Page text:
Tuesday, June 05, 2012

Ray Bradbury

Ray Bradbury‘s writings captured my interest as a child and fueled my passion for reading.  He was at his best as a short story writer.  His Martian Chronicles (1950) and Fahrenheit 451 (1953) were remarkable books.  Martian Chronicles was as I remember a wistful, lyrical memory of lost settlements on the Red Planet.  As an adolescent reader I returned to these stories repeatedly, seeking to regain the kind of experience I had when I first read them.  This was one of Bradbury’s best works, and in my reading experience he never equaled it.  I read book after book by Bradbury, hoping to find again that experience of The Martian Chronicles, but it was never there.  I’m afraid to reread the book now, fearful that my immature adolescent reading created in my mind a work that would no longer exist if I read the stories again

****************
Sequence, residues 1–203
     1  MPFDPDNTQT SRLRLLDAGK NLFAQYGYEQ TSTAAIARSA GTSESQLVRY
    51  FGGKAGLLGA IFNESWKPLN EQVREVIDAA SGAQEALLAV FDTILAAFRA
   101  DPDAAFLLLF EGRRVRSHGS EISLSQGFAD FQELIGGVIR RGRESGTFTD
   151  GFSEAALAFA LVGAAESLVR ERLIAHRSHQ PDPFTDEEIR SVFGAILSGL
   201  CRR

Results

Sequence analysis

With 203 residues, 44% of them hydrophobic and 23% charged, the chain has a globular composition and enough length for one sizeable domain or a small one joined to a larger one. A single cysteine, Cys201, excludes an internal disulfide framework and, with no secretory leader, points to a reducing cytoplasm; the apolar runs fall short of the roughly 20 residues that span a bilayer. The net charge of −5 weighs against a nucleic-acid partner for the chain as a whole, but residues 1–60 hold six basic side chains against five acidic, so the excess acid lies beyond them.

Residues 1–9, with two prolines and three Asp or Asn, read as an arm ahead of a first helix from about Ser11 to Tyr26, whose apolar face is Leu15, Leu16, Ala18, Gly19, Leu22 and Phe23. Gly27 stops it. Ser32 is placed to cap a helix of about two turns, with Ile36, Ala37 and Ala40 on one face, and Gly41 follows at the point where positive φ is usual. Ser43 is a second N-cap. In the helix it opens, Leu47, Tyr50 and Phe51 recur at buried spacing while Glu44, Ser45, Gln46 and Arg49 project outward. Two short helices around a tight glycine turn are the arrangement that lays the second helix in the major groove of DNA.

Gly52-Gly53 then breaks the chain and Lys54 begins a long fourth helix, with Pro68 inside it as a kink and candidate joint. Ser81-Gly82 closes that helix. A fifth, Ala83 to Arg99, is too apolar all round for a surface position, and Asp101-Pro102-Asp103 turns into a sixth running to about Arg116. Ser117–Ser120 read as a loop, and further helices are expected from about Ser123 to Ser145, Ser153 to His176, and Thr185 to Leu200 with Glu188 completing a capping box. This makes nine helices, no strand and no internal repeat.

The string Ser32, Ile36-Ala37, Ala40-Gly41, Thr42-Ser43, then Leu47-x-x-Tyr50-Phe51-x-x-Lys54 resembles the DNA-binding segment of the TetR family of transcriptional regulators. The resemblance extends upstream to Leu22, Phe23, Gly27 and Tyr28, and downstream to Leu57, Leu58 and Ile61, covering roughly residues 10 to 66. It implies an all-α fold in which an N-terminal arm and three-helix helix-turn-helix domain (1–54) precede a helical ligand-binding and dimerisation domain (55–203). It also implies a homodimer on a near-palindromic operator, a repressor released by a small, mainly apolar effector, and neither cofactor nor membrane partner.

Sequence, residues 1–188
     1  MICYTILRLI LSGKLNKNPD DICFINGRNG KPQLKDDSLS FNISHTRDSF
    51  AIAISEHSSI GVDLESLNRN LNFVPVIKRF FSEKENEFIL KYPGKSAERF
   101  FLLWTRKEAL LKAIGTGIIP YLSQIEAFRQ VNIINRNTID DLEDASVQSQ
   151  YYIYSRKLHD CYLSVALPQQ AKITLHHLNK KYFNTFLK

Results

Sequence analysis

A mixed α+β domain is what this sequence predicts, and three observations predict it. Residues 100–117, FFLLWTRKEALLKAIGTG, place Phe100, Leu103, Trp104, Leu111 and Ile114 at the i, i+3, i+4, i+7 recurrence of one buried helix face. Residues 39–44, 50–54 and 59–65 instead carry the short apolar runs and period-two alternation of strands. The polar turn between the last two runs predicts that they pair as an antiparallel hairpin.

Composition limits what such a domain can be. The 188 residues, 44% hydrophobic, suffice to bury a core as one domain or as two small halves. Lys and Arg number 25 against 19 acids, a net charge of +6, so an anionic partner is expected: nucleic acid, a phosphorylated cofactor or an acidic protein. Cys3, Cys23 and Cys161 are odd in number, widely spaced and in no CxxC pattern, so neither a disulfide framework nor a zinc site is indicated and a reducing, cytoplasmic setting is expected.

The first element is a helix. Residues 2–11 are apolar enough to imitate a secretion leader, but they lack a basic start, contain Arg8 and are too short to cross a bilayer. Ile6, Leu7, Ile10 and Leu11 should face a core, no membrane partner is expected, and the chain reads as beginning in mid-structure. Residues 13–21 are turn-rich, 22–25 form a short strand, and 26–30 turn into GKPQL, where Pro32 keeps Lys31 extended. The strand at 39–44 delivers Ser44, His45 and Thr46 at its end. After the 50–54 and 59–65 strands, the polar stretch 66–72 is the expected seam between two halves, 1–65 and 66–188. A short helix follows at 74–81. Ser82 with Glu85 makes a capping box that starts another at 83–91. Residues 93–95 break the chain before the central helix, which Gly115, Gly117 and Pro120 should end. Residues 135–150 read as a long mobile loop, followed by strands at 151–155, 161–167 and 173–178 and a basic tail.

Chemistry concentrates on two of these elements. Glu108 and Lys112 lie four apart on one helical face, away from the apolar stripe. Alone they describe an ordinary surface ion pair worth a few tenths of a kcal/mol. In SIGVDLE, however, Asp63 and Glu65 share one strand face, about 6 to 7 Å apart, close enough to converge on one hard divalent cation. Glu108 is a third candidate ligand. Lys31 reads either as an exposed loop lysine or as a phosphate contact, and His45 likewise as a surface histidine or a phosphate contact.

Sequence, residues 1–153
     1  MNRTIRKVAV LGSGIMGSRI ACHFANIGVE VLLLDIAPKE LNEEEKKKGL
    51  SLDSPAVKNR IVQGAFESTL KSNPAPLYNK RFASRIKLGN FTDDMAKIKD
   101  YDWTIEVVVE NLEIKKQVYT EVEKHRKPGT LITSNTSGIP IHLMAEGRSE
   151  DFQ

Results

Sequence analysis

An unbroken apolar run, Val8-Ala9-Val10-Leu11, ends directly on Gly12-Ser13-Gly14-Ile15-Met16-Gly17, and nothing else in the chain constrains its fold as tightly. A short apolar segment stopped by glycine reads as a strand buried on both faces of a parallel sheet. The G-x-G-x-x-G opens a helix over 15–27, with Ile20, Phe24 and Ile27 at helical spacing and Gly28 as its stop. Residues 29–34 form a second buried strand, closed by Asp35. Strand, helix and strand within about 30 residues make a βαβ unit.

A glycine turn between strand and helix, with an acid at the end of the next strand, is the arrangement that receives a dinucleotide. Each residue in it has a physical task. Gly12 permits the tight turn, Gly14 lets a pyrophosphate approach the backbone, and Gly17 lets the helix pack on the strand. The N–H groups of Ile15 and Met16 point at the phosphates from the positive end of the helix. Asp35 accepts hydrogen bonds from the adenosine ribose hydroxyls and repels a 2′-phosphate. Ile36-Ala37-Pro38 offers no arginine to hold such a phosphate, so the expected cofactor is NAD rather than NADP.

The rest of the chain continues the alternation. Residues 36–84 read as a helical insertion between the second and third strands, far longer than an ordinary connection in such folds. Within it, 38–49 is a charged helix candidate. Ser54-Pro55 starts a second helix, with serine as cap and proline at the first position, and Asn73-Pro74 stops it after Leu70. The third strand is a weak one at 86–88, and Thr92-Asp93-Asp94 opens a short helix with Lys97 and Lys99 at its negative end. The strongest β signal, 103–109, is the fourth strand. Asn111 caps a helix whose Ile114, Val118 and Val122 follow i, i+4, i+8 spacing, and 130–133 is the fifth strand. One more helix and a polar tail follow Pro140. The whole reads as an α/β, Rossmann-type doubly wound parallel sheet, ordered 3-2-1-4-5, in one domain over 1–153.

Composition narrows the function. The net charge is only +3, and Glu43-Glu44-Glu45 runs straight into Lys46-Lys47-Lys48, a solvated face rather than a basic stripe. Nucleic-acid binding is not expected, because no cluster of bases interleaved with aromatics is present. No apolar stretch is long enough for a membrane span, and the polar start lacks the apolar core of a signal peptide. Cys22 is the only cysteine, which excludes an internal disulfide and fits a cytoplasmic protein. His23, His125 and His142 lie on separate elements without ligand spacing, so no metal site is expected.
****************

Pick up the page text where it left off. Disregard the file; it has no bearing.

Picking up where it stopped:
Fahrenheit 451 shows how totalitarian regimes stifle free expression, control individual lives, and censor literature and readers.  Written with the recent memory of the McCarthy hearings, and of the Nazi regime, which was notorious for censorship and book banning among much worse evils, Fahrenheit 451 celebrated the passion of readers, the community of those who read and its essential relationship to individual lives.  It was prescient in its suggestion that technology would become all dominant, often oppressive, in our lives.  Truffaut’s 1968 film adaptation of the novel was good, I thought.  Other Bradbury story collections I read included The Illustrated Man (1951) and Golden Apples of the Sun (1953), and novels such as Dandelion Wine (1957) and Something Wicked This Way Comes (1962)

Although I still occasionally read and enjoy Bradbury, much of his work strikes me as aimed towards a younger audience.  There’s a derivative, sophomoric quality to his political and philosophical musings.  His work can be uneven—he wrote a great deal and apparently didn’t hesitate to publish work that wasn’t his best.  The influence of Thomas Wolfe is sometimes apparent—the mawkish, excessively lyrical and ebullient Wolfe.  Walt Whitman is also an influence.

Still, Bradbury was a science fiction writer who brought occasional moments of fine prose to his work, which aspired to be, and sometimes was, the best of its genre.

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